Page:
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There is no argument that one of the places that loyalty programs got their start was in Europe, and more precisely in the U.K., where grocery store giant Tesco approached marketing gurus Edwina Dunn and Clive Humby about converting their “green stamp” program into something a tad more sophisticated.
That was in 1994, and of course, Tesco went on to see sales dramatically increase with its Clubcard. Dunn and Humby and their agency — dunnhumby — went on to specialize in loyalty programs globally, even setting up shop in the U.S. with the largest grocery chain, Kroger, that also saw sales grow exponentially.
So, it was a bit surprising for Brandon Logsdon, president and general manager of Marketing Cloud Solutions and Fuel Pricing at PDI, to see European and Asia-Pacific c-store brands lagging behind their U.S. counterparts in adopting and growing their loyalty programs.
PDI recently released their “C-Store Shopper Report: Exploring the Global Convenience Retail Environment” that looks at trends and statistics pertaining to sales and strategies that are working — and sometimes not working — with consumers in the c-store industry.
Surprising Data on Adoption and Cultivation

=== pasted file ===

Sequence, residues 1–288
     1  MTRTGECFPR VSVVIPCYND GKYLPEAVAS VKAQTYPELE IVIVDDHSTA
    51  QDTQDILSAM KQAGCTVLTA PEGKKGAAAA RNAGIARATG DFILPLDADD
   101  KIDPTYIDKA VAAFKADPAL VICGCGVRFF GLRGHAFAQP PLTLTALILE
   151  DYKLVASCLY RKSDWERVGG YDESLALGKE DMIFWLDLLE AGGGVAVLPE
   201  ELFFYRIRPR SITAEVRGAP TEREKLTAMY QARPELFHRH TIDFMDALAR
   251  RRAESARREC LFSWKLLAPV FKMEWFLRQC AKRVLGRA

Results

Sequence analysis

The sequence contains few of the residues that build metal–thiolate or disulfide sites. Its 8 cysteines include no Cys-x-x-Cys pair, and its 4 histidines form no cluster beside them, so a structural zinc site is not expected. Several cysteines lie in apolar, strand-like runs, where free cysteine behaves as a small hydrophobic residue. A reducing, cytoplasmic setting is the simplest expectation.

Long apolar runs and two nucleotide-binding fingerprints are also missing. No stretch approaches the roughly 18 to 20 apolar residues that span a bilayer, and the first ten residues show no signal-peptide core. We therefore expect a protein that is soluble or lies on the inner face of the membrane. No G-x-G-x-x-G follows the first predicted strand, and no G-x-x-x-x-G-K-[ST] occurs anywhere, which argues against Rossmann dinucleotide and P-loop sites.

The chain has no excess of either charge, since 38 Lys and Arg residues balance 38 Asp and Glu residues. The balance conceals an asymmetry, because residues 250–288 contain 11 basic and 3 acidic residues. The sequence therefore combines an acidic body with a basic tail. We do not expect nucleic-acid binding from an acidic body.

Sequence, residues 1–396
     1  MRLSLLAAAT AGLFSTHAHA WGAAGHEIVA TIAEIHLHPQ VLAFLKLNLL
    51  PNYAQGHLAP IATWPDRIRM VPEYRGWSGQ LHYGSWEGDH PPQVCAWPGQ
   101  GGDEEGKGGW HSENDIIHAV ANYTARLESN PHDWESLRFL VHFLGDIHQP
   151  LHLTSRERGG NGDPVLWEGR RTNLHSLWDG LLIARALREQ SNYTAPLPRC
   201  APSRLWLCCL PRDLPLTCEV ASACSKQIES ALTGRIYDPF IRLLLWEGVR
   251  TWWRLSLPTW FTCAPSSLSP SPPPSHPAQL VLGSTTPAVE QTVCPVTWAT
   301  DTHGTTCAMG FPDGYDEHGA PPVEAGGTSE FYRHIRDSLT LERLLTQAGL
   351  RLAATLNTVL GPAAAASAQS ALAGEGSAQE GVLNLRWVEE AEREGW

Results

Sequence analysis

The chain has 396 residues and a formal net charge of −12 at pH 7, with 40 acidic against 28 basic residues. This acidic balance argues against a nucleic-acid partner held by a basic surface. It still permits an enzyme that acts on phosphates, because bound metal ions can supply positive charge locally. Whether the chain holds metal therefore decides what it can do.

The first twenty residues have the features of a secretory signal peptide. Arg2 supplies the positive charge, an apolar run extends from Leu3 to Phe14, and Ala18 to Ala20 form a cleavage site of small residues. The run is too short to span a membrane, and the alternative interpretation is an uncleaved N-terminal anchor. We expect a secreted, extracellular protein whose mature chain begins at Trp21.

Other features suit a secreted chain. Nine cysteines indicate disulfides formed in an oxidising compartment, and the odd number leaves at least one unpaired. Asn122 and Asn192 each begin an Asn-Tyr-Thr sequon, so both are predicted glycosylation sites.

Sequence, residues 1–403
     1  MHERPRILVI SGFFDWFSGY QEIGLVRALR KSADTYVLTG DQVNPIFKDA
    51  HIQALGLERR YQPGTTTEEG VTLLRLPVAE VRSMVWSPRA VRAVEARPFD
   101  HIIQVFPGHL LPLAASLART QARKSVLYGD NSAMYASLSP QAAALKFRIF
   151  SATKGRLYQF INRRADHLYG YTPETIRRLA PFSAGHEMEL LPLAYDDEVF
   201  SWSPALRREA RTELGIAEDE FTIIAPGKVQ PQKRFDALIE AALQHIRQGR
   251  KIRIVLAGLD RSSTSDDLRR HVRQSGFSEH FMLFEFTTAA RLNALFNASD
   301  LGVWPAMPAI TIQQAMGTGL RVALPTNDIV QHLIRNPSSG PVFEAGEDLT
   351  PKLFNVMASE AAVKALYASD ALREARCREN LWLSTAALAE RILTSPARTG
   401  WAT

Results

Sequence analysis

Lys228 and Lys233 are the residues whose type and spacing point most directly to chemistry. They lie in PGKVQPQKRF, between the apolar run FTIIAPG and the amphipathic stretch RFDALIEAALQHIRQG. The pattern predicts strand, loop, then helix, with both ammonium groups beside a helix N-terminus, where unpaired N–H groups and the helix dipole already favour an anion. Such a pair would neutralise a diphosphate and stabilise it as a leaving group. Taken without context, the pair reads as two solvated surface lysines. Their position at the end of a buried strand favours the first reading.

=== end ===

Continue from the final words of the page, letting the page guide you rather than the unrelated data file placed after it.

“It was a little surprising to me to see the way that Europe and Asia-Pacific are trailing the U.S. in the c-store vertical based on these survey results,” Logsdon says. “At least at this point in time, relative to where they are as far as program adoption, program cultivation − that was the most surprising to me.”
Logsdon says he was even more interested in the U.S. versus global results considering the relative newness of c-store loyalty programs in North America, especially since Tesco and others have been leaders in customer engagement in the European market.
“My thought around international was that you would see a similar trend in c-store,” he says. “Particularly if you go back as little as 5-7 years and see how nascent c-store loyalty was in the U.S. market.”
This was the first time PDI expanded the report to include a global perspective from 450 convenience retailers across several countries. The survey also included responses from 2,500 U.S. adult consumers and 150 decision-makers who work for retailers, grocers or consumer packaged goods brands.
Of the U.S. c-stores surveyed, 64% say they have a loyalty program, while only 46% of non-U.S. c-stores have a program in place.
Geographic Differences in Loyalty Program Stages
“U.S. and non-U.S. retailers are at different stages in loyalty program adoption and maturity,” Logsdon says, which he attributes to several factors:
Point-of-sale technology is more streamlined in the U.S. than anywhere else when it comes to brands getting access to customer data to personalize the engagement.
Almost all U.S. brands have more sophisticated infrastructures such as pay-at-the-pump technology, which is not as prevalent in Europe.
There is typically a higher sales volume per store unit in the U.S.
“The dollar volume discrepancy naturally drives adoption of these programs, too,” Logsdon says.
PDI’s report shows that U.S. operators underscored the need to engage digital consumers as part of their revenue strategy, with 74% saying they would move ahead with a mobile technology project after the pandemic; 40% of them specifically mentioned implementing mobile couponing/discounting or a loyalty mobile app.